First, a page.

Ana Popovic is no stranger to Columbia. The Serbian-born blueswoman has played the Roots N Blues N BBQ Festival twice, a 9th Street Summerfest and a few additional dates at Missouri Theatre and the Blue Note.
“I still remember the show,” Popovic said of her first Roots N Blues appearance in 2009. “Then we came back a few times and it’s always a great crowd. The crowd knows music and knows blues and knows how to party,” Popovic said.
Popovic returns Sept. 29 to the Missouri Theatre for another party. Currently, Popovic is touring behind her latest album, “Trilogy,” which dropped in May.
“It’s a mix of musical styles: blues, soul, jazz, funk. It’s on three volumes and features about 30 musicians, mostly from New Orleans or Memphis,” Popovic said.
Blues in the morning
The blues could almost be used to teach U.S. geography. Subgenres are easily mapped: Chicago blues, Texas blues, West Coast blues, Memphis blues.
Although Belgrade is a long way from Memphis — 5,408 miles as the crow flies — it never occurred to Popovic that she was growing up a world away from the blues mecca. And Popovic’s father, a devotee to the genre, introduced her to it early.
“I grew up on the Stax sound. There were playing and listening to blues — real Delta stuff. I was 3 or 4 years old and hearing on a daily basis Elmore James, Elmer Johnson … I grew up thinking that was what the whole world was listening to. It was the most natural thing. I woke up in the morning and my dad plays loud Albert King,” Popovic said.
At night, other musicians from around town would join her father for regular jam sessions in their home.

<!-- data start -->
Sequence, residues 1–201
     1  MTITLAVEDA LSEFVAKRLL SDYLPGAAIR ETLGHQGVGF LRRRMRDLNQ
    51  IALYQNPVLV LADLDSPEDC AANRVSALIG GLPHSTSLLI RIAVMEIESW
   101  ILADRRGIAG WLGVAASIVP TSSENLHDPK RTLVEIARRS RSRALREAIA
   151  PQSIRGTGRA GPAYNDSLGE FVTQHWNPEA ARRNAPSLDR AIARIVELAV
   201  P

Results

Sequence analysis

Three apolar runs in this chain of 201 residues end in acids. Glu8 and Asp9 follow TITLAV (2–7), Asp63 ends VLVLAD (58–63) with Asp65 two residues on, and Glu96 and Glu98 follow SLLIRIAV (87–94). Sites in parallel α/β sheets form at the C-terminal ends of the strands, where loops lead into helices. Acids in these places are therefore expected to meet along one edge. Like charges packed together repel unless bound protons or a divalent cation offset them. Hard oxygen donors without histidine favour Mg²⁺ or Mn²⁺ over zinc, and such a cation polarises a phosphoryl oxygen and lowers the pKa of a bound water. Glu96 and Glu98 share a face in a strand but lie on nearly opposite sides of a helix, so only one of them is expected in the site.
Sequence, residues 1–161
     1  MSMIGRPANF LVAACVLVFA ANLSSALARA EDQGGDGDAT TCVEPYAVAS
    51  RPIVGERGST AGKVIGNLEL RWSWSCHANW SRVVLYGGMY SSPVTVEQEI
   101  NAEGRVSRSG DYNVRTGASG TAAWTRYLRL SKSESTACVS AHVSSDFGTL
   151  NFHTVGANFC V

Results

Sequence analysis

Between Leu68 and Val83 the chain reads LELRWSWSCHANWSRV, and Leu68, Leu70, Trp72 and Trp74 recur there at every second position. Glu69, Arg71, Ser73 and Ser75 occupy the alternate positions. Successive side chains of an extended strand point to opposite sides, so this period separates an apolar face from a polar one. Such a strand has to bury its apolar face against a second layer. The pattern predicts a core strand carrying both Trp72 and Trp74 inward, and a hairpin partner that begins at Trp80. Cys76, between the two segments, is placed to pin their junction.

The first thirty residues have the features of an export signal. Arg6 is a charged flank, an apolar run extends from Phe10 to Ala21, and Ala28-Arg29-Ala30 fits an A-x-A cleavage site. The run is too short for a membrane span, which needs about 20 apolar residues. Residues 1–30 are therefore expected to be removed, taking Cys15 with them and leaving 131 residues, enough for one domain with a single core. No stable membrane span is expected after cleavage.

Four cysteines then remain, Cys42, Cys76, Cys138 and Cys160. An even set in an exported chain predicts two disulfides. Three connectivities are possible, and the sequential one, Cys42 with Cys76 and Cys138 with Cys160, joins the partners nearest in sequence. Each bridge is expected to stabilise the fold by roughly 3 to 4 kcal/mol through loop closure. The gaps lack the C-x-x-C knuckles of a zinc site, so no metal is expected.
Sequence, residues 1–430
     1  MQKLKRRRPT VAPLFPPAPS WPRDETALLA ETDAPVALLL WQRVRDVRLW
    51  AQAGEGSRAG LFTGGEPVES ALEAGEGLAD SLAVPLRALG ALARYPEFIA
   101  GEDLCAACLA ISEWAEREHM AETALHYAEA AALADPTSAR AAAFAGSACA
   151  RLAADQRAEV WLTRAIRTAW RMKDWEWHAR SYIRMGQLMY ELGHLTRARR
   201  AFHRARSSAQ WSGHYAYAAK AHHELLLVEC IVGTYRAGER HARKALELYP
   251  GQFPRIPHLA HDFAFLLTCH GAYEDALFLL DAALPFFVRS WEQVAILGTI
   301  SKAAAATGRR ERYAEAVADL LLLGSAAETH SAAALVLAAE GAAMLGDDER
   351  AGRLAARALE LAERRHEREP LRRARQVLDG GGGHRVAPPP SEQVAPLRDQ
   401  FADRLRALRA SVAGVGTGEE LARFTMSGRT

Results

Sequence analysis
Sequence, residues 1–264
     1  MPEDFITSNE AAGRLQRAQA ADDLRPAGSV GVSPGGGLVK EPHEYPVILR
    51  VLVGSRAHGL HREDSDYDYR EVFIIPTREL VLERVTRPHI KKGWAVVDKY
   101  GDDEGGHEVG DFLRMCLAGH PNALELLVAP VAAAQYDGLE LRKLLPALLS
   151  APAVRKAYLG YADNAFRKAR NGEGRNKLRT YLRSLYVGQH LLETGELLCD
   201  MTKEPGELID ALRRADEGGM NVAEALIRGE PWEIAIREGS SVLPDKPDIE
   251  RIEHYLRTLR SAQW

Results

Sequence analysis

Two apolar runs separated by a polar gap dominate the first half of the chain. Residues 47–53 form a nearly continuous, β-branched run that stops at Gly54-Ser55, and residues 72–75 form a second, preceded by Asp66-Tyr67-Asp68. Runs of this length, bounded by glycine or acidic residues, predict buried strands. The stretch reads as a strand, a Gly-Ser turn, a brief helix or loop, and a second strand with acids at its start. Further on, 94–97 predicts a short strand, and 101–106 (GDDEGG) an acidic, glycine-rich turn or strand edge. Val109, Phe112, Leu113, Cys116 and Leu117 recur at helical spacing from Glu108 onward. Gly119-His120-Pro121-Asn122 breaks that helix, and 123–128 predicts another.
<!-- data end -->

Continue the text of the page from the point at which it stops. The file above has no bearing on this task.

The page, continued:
“That was the best way to spend an evening. I thought I was going to learn guitar just so I could jam with these guys. I learned slide guitar by myself. They did not have anybody playing slide in Belgrade, so I would get my five minutes of fame,” Popovic said.
But five minutes turned into 25 years, and a career that has taken her all over the globe.
The blues records her father played for her when she was young certainly made a lasting impression on her, but Popovic credits her evolving sound to time spent in major blues hubs.
“When I record, I don’t just rush into the studio but spend time and get to know people and inhale the city. I spent time in New Orleans recording an album. I’d take three or four months, rent a place, enjoy the city. A lot of people make the mistake: Rush to Memphis and they call that the Memphis record,” Popovic said.
Memphis has been especially meaningful for Popovic. Critics often note the Memphis flair to her style, and although she’d intended to stay only for a few months, she wound up making it her home for four years.
“Probably the best thing about living in Memphis you’re so close to so many different sounds. Now I’m on the West Coast,” said Popovic, who recently relocated to Los Angeles. “It was always on my to-do list. I moved here two months ago. Who knows how long? I think I’m going to get into that urban guitar style,” Popovic said.
Still, Popovic emphasizes that while these regional styles influence her, they do not define her.
“Wherever I live, wherever I record, I go and do my thing, whatever it is. Even if I say I’m doing a New Orleans record, it’s still an Ana Popovic record,” Popovic said.
What it means to make an Ana Popovic record is to stay true to true blues structures while asserting herself in other ways.
“In blues, it’s not easy because you are dealing with 12-bar blues, two or three chord changes. … You can’t change too much because it’s going to become rock or heavy metal or jazz. So you have to stick to original form, but at same time come up with original phrasing that is different. As far as my sound, the phrasing is a little times jazzier than the blues players. It’s got a little bit more attack. I’m not that laid back,” Popovic said.
7 p.m. Sept. 29
Story by Caroline Dohack